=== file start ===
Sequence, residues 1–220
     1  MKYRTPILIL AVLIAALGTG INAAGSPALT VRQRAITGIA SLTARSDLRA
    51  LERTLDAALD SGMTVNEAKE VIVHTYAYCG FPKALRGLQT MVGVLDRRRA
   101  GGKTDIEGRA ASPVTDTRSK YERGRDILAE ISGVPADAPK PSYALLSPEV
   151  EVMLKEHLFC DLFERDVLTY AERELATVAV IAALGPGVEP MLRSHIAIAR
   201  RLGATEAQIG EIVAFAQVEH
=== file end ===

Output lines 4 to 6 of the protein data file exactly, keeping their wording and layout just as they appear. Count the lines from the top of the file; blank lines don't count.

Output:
   101  GGKTDIEGRA ASPVTDTRSK YERGRDILAE ISGVPADAPK PSYALLSPEV
   151  EVMLKEHLFC DLFERDVLTY AERELATVAV IAALGPGVEP MLRSHIAIAR
   201  RLGATEAQIG EIVAFAQVEH